Riding the Virginia Creeper Trail – Damascus to White Top
There’s not much that hasn’t already been said about the Virginia Creeper Trail. From being a part of the Rails to Trails Hall of Fame to its accolades from local and national writers, the trail is well loved and documented. All I can add is the experience for our group, which was a good one.
We hit the trail on Easter weekend 2018. The weather was finally beginning to break after winter dragged all the way through March. It was also my wife, Mary’s birthday. So we bought tickets to see Bright Star at the Barter Theater in Abingdon, booked a night at Creeper’s End Lodging and loaded up the bikes. More on the theater and accommodations later.
Our group of five couples met in Damascus at eleven on Saturday morning. We planned to do the uphill ride from there to White Top – about 17 miles – then enjoy the downhill trek back to the car.
The little town of Damascus has a handful of bike shops and shuttle services that take riders to the top so they can enjoy the downhill experience without the daunting task we had laid out for our group. It was nice to see how an attraction like the trail could generate so much outdoor related business in a rural area like Washington County, Va.
We found public parking near a caboose, located directly on the Virginia Creeper Trail and started riding uphill. It was one of the first true spring mornings of the season. Temps were about 50-degrees at the start and would reach the mid 60’s by the time we finished.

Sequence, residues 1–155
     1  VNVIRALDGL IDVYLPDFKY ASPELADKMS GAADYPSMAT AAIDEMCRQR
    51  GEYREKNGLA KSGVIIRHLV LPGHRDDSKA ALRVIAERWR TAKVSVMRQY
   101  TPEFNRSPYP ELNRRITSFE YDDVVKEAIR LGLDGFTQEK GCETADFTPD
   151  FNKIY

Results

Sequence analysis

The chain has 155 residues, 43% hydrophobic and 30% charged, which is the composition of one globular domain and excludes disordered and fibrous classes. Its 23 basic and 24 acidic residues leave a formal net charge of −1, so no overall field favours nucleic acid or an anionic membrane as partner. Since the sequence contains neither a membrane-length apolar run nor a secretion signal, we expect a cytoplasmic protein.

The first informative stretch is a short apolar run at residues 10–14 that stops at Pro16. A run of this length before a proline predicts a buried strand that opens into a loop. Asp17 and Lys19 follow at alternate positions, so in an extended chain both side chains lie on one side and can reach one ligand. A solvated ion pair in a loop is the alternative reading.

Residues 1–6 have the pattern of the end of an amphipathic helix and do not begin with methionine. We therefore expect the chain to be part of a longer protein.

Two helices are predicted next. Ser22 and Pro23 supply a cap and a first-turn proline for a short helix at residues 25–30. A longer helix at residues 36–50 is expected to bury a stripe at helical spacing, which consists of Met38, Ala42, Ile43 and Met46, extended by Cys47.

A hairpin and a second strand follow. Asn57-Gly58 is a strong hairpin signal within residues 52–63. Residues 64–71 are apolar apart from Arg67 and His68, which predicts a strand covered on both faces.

Though it’s uphill, the trail never tipped above four percent. We pedaled steadily, but it was never hard. Our group of intermediate riders ranged in age from mid-fifties to low seventies. For the record, the oldest rider may also have been the strongest! Bicycles varied from my heavy, full suspension 29er mountain bike to a carbon framed cross bike that weighs in at under 20 lbs. Most of the group rode hybrid bikes. All the bikes had their own advantages, but I wouldn’t enjoy mine until we came back down!
The ride up was spectacular. We rode among mountain laurel, wondering how beautiful it would be when it’s in bloom in May or June. We crossed numerous small bridges and trestles over ravines and the bold running White Top Laurel creek. The creek ran beside the trail for long sections and my mind drifted to some of the riffles and pools that screamed fly fishing. Again – for another trip.
The further up the trail we traveled, the more we began to see large groups coming down courtesy of the many shuttle services that had taken them to the top.